I think Merle may have gotten this tune from John Burke too. That name has come up a few times. I'll have to ask him.

RG - Posted - 11/09/2019:  11:02:54

John D I really enjoyed your version-hot dawg!!!

JanetB - Posted - 11/09/2019:  13:54:45

A five part tune indeed, Billy.  I liked your group's recording and used it as a pattern to play after listening to Henry Crockett's Kentucky Mountaineers.  John Brown's Dream was a TOTW and the resemblance to the first three parts is of course striking:  TOTW, 8/1/14, John Brown's Dream.

WVDreamin - Posted - 11/09/2019:  14:07:30

John, your band sounds like a good dance band. Janet, very nice and yes, there is a strong resemblance to "John Brown's Dream."

Don Borchelt - Posted - 11/10/2019:  08:12:07

I hadn't heard this tune in quite awhile, I think at least a decade ago John Brown's Dream pushed it off the jam list of most old time players around here. I admit they are closely related, the main difference is that we are happy when we play Little Rabbit, and far more serious when we think about John Brown, and it creeps into the picking and fiddling. A few weeks ago I was at a jam a few miles west of Boston, and someone in the circle introduced it. I had to blow some cobwebs out of the recesses, but it came back to me pretty quickly.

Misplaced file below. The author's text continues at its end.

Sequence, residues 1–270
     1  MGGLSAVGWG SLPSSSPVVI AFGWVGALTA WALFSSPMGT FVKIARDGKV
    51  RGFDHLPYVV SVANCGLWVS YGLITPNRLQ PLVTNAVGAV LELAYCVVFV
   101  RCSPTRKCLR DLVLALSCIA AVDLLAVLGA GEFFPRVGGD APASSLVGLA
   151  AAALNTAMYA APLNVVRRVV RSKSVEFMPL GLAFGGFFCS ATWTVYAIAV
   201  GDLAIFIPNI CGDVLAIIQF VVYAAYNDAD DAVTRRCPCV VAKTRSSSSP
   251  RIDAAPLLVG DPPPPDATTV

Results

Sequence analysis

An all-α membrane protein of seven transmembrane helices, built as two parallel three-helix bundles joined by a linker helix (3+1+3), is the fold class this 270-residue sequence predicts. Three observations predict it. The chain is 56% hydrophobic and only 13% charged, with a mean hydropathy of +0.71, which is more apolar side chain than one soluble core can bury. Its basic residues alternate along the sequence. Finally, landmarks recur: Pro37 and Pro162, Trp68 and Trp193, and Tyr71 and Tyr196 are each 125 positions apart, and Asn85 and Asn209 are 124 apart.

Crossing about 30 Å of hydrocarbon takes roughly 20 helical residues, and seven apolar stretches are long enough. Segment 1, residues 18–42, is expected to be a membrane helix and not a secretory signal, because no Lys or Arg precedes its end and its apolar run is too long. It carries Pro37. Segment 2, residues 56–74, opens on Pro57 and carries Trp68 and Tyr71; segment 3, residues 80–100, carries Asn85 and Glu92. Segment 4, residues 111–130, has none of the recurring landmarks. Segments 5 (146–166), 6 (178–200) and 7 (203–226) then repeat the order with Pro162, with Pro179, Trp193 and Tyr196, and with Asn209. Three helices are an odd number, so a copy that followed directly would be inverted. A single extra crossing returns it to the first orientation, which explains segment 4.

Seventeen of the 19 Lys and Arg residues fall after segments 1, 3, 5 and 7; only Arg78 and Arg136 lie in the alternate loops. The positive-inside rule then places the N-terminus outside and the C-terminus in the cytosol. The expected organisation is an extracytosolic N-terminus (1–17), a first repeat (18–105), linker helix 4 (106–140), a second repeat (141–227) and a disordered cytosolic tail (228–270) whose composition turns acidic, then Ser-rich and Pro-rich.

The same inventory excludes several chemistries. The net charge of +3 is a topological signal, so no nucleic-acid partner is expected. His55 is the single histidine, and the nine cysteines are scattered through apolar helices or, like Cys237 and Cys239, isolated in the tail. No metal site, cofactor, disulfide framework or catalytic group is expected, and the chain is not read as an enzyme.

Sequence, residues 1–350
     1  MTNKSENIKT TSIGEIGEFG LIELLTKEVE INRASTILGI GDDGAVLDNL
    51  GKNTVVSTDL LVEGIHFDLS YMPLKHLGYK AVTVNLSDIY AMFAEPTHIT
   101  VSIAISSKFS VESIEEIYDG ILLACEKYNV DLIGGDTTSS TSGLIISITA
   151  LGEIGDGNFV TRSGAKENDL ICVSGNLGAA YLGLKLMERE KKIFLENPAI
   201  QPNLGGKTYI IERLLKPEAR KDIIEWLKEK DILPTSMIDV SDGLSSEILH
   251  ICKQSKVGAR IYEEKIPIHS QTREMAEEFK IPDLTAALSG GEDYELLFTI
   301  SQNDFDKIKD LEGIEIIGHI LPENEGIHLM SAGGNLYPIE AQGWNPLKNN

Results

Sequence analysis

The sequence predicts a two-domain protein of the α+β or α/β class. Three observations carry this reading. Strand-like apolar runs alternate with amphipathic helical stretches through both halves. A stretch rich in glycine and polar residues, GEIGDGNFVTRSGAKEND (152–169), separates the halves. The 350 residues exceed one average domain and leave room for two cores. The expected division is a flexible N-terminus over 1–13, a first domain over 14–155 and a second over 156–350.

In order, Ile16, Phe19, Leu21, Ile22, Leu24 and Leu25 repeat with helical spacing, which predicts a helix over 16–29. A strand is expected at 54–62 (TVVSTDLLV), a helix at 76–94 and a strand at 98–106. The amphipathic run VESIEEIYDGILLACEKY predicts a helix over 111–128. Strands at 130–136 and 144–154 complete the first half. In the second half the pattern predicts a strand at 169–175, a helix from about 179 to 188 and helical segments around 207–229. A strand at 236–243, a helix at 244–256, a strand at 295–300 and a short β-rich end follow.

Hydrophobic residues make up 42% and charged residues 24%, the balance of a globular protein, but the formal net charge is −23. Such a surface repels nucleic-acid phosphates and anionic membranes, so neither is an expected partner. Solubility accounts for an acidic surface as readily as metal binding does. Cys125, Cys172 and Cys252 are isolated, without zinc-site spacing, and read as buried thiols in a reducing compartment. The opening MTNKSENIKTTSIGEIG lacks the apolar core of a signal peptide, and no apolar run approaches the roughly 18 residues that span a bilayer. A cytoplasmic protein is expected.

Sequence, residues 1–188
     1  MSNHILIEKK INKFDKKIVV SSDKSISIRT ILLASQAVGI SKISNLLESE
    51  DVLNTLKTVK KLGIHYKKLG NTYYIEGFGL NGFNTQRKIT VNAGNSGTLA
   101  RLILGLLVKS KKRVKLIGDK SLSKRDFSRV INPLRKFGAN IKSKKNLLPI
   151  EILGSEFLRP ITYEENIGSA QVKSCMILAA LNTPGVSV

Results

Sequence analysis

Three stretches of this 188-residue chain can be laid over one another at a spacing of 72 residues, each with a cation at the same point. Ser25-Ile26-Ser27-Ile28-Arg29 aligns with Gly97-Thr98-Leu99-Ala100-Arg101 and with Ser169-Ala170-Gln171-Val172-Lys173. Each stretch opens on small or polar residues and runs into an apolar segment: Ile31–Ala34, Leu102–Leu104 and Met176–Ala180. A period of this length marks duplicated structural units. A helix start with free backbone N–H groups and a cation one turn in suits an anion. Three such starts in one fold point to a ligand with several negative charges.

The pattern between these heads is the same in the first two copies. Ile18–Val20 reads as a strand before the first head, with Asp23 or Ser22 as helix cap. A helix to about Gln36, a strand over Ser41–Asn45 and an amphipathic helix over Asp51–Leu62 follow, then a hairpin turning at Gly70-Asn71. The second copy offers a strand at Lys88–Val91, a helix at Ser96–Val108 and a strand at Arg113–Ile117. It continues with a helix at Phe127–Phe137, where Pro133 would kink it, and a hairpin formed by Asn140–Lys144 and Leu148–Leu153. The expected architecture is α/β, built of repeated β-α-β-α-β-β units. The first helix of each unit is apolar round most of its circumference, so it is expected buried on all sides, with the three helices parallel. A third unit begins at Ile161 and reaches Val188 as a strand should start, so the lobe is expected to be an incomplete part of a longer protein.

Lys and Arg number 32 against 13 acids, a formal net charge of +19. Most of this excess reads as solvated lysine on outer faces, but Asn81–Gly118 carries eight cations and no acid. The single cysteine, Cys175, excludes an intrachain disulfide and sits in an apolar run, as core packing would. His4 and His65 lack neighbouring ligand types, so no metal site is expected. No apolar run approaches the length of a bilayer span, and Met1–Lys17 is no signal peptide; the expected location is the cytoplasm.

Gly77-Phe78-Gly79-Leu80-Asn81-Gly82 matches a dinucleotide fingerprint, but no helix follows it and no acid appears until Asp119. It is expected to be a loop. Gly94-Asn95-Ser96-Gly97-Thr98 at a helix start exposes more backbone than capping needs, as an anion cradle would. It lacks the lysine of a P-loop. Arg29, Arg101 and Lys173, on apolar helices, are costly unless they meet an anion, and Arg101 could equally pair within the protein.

Great fiddling, Billy, and great picking by Jon. It was sure nice of you to let him start it out!  wink John D, that's some very fine picking.  It's got that wonderful "chug" going on with your very controlled downstroke.  I hope you're still able to do this, ten years later!!!  And, of course, Janet as elegant as always.  That looks like a Ryan Navey banjo you are playing, a good fit, sweet picking needs a sweet banjo!  I got to meet Ryan this past Clifftop, and play one of his banjos.  He is a real craftsman and a real gentleman.